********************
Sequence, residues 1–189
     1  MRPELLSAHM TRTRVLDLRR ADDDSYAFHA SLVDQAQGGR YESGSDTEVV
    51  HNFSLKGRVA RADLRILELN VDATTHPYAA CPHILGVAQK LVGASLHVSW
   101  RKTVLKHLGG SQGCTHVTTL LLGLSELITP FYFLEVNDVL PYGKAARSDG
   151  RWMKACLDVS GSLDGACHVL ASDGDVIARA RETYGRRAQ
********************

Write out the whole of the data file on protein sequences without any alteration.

Sequence, residues 1–189
     1  MRPELLSAHM TRTRVLDLRR ADDDSYAFHA SLVDQAQGGR YESGSDTEVV
    51  HNFSLKGRVA RADLRILELN VDATTHPYAA CPHILGVAQK LVGASLHVSW
   101  RKTVLKHLGG SQGCTHVTTL LLGLSELITP FYFLEVNDVL PYGKAARSDG
   151  RWMKACLDVS GSLDGACHVL ASDGDVIARA RETYGRRAQ